Aurora reinvests in Port with clinic expansion

Instead of operating two clinics near each other, health care provider is more than doubling the size of its east facility with $6.8 million project

AURORA HEALTH CARE is set to complete a $6.8 million expansion project at its east Port Washington clinic in January, which is part of a consolidation effort with its west clinic. Staff members stood outside the east clinic at 1475 W. Grand Ave. including (from left) site supervisor Crystal Binder, doctors Stephanie Maves, Christopher Eernisse, Mark Fitzsimmons, Scot Wilfong and Anna Kleyman and physician assistant Alesha Ewig. Photo by Sam Arendt
By 
Joe Poirier
Ozaukee Press Staff

Aurora Health Care expects to complete a $6.8 million expansion project at its Port Washington east clinic by the start of next year in an effort to consolidate its two clinics in the city.

“In essence, we are more than doubling the size of the Port Washington east location,” John Mutschelknaus, Aurora’s senior vice president of clinic operations, said. “It didn’t make sense to operate two clinics that close to each other.

“They’re about a 3-wood away, if you’re a golfer.”

Work began in June at the east clinic at 1475 W. Grand Ave., which is expanding its footprint from 11,596 to 26,993 square feet.

Mutschelknaus said the expansion will bring additional services to Port Washington such as pharmacy and physical therapy rehabilitation.

“We haven’t had a pharmacy in Port Washington for a number of years, so this will definitely be a convenience factor,” he said.

The west clinic at 1777 W. Grand Ave. fell under Aurora’s umbrella in 2008 when Legacy Advanced Health Care joined Aurora.

Aurora initially planned to sell the west clinic but will retain the building and repurpose it to provide services not offered at the east clinic, Mutschelknaus said.

“One of the reasons we are consolidating is we don’t want to have another lab and X-ray next to each other again,” he said, adding the location could provide behavioral health services.

“It’s a growing component of health care these days, and we find it to be rapidly expanding,” he said.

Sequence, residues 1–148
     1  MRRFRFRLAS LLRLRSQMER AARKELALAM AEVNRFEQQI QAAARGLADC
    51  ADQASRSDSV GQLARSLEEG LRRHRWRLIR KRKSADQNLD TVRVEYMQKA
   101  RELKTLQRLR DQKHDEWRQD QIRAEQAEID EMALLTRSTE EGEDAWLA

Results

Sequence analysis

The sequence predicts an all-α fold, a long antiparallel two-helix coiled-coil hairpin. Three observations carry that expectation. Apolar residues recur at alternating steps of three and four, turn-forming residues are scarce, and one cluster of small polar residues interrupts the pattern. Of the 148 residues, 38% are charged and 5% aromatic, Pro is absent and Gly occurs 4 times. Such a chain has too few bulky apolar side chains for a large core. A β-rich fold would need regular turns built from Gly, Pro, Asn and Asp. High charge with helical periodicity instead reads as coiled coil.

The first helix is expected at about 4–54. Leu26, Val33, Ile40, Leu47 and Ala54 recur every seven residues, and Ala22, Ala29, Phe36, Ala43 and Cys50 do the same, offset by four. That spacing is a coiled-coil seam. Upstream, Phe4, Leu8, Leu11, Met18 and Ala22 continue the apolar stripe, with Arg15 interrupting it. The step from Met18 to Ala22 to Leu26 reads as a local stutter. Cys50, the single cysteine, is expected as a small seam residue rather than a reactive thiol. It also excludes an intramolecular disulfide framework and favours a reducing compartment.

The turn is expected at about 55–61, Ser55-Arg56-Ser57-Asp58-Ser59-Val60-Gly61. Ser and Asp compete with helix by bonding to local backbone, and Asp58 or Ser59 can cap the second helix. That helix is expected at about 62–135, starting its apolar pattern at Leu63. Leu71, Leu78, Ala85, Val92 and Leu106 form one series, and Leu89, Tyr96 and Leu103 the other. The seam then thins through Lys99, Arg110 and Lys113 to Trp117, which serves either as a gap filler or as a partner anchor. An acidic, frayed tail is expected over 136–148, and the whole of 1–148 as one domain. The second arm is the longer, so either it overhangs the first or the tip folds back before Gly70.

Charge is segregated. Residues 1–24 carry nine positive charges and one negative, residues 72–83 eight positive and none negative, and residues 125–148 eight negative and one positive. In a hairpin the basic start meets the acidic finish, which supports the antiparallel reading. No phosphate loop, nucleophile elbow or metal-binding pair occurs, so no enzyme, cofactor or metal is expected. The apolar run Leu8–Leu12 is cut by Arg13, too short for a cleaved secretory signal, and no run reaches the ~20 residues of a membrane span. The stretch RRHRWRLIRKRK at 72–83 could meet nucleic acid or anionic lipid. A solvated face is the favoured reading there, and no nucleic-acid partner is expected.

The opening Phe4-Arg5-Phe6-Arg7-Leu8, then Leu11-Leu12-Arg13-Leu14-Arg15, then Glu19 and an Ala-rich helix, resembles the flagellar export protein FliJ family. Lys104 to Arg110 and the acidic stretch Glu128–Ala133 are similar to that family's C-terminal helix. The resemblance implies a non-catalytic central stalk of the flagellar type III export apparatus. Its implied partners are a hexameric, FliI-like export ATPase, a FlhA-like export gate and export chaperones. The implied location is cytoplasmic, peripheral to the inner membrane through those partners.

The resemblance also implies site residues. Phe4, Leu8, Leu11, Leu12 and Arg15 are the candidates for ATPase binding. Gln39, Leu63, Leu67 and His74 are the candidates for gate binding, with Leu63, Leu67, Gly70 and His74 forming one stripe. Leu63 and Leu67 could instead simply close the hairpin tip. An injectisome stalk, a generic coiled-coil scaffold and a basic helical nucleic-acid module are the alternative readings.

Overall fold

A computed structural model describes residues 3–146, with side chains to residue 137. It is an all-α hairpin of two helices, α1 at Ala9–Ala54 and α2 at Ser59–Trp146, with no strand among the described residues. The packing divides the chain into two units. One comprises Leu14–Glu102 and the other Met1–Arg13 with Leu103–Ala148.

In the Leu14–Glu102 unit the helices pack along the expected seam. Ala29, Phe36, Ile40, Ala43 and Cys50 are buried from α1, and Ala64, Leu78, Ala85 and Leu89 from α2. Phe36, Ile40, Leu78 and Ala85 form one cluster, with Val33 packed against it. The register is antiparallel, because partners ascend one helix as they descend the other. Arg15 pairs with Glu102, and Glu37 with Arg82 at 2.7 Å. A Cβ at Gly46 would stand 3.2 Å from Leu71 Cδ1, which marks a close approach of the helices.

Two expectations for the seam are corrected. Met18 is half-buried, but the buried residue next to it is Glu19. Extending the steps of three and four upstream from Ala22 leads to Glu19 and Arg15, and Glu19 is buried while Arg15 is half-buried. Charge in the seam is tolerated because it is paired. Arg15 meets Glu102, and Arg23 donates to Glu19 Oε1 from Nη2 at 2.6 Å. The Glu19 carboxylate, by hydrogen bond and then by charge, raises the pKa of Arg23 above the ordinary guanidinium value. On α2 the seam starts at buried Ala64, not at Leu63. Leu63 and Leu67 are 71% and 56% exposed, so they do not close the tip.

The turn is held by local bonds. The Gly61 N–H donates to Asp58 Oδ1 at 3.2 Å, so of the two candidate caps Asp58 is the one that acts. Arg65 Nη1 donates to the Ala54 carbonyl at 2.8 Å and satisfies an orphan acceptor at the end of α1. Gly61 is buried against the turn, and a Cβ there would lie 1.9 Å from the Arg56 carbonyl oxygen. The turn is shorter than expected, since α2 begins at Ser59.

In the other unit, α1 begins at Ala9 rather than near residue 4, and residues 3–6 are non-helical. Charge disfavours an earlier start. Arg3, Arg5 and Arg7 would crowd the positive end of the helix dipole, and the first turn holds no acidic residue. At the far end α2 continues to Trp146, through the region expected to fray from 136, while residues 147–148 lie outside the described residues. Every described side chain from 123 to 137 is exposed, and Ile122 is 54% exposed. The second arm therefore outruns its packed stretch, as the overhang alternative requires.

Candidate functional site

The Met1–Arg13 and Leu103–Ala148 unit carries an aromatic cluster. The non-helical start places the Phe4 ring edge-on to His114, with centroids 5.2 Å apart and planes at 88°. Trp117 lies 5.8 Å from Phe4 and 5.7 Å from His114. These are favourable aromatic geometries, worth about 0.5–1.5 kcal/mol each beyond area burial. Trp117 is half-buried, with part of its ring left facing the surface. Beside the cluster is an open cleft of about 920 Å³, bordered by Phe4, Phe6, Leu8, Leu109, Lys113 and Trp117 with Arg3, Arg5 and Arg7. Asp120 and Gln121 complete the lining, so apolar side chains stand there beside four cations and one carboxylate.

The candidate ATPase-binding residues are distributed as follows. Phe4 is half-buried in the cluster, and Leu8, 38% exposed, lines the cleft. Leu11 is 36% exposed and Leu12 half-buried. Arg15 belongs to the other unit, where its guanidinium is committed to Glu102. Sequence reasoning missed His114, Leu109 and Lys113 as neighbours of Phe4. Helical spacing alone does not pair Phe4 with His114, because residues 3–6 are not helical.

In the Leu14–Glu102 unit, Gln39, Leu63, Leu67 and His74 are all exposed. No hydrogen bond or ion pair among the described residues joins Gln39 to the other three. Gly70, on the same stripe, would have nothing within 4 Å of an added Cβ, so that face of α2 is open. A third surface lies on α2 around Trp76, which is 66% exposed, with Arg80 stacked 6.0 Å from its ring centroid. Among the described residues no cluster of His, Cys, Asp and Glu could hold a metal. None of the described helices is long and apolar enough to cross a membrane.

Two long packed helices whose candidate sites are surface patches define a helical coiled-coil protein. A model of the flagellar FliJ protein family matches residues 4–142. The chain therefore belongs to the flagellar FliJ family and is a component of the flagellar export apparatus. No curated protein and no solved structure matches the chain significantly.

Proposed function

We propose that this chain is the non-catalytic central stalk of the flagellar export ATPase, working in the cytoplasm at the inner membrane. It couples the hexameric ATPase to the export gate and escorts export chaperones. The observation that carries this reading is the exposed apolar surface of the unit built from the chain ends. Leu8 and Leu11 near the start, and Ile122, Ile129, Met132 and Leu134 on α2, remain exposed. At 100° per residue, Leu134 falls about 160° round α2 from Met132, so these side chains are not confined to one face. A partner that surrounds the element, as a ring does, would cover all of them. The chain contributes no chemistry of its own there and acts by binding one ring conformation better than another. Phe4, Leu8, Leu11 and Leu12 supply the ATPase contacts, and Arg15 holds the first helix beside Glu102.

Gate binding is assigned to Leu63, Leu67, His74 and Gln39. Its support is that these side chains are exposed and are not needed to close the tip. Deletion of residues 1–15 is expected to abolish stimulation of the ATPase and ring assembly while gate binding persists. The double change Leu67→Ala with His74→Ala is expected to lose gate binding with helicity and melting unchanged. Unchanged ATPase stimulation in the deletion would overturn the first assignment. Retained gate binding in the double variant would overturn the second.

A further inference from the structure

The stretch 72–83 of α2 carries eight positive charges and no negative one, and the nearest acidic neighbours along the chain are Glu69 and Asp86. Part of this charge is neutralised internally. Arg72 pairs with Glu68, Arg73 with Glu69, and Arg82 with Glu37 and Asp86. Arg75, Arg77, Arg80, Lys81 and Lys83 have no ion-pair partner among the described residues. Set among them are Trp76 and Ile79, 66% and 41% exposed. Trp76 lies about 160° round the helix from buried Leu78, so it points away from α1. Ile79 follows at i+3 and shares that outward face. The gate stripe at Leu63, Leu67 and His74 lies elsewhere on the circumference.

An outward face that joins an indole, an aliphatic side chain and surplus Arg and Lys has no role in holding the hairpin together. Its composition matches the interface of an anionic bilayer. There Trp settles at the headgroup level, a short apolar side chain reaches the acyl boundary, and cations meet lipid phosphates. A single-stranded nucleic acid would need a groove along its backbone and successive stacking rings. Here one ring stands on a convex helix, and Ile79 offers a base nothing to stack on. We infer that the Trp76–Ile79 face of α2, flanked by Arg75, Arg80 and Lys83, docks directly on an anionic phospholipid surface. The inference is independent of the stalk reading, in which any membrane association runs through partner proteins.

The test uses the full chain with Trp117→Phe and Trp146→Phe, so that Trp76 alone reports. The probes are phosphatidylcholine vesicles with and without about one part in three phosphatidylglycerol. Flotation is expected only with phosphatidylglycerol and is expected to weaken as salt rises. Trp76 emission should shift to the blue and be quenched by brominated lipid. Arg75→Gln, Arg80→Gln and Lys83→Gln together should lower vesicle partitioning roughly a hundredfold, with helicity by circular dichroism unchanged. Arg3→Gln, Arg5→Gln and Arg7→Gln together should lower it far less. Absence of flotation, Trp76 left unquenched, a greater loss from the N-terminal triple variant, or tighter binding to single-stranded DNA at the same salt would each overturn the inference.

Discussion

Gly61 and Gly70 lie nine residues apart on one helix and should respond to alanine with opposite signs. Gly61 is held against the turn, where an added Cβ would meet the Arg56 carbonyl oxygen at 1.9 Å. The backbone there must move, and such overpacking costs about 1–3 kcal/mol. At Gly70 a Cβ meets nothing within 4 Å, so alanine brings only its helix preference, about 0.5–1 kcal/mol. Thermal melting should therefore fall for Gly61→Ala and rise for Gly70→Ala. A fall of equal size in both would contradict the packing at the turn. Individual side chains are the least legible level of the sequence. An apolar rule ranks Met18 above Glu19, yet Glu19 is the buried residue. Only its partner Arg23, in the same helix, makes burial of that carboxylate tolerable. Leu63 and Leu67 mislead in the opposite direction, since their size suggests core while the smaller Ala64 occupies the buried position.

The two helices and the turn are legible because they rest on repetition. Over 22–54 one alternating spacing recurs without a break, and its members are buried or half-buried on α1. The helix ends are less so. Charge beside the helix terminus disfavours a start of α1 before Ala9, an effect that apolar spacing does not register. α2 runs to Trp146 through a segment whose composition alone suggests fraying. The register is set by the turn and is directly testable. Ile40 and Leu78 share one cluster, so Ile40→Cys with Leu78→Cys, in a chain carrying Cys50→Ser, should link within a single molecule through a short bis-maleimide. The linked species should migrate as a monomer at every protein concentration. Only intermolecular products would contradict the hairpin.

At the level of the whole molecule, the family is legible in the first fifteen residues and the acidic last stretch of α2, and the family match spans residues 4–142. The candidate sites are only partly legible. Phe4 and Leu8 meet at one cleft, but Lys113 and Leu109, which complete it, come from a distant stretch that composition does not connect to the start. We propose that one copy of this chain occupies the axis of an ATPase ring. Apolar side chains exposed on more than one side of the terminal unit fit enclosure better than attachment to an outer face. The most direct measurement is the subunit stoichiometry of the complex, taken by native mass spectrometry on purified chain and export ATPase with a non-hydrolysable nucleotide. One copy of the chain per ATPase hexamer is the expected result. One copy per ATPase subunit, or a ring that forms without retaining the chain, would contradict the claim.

Mutschelknaus also said the Aurora Medical Center in Grafton may transfer some general administrative services to the west clinic in Port.

The west clinic will be repurposed after work at the east clinic is complete.

“When they get into the renovations of the existing facility there might be some minor inconveniences, but it should be exciting. Hopefully people understand that we’re modernizing it with the intent to be there in the future,” Mutschelknaus said.

Aurora decided to expand the east clinic instead of the west clinic because it is slightly closer and easier to get to for most of the patients in the area, Mutschelknaus said.

The consolidation will also clear up confusion about which clinic patients are supposed to go to.                                                                                                    

Plans have been in the works for about five years after Aurora began securing capital funds for the $6.8 million expansion. Mutschelknaus said the project should be complete in January.

“There were a lot of pieces to the puzzle that had to fall into place before everything got approved,” he said. “It took awhile, but we’re really thrilled going forward the way it is.”

After the expansion is completed, minor updates will be made to 2,620 square feet of the existing clinic, including new carpeting, furniture and fixtures.

Aurora has about 10 full-time physicians at the east clinic who practice family and internal medicine, gynecology, ophthalmology, pediatrics and chiropractics. That number will increase with the expansion.

“There will be no job reduction. If anything, we will be bringing in more doctors and staff,” Mutschelknaus said. “Hopefully, there will be more physician growth as demand calls for it.”

Mutschelknaus said it is difficult to recruit and retain physicians outside of Milwaukee and Mequon, but Port Washington has become a destination for doctors.

“Port Washington is a great community. A number of physicians who have worked there have lived in the area for 30 or 40 years and have embedded themselves in the community,” he said. “It’s been a real success story with what Port Washington has done to make itself a destination. It’s a great place to live, and it’s really helped in our recruiting efforts.”

While Aurora Medical Center in Grafton is only about a 15-minute drive from Port Washington, Mutschelknaus said it is vital to provide critical services in the city.

“Even though the east clinic isn’t far from Grafton, where we have a lot of things going on, we understand the nature of travel, and it’s not always easy traveling when there’s snow and wind blowing,” he said. “It’s nice to have key health care services local. That’s our effort.”

Mutschelknaus said the expansion reflects Aurora’s continued commitment to Port.

“It’s a significant investment in the community that indicates that we’re there to stay,” he said. “We like Port Washington, and we want to be there to bring additional services to that community.”

“We’re really keen on Port Washington and that has really helped us get capital approval with Aurora. The community has always been supportive, and we have a strong working relationship with community leaders who have always been receptive.”     

 

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Wisconsin’s largest paid circulation community weekly newspaper. Serving Port Washington, Saukville, Grafton, Fredonia, Belgium, as well as Ozaukee County government. Locally owned and printed in Port Washington, Wisconsin.

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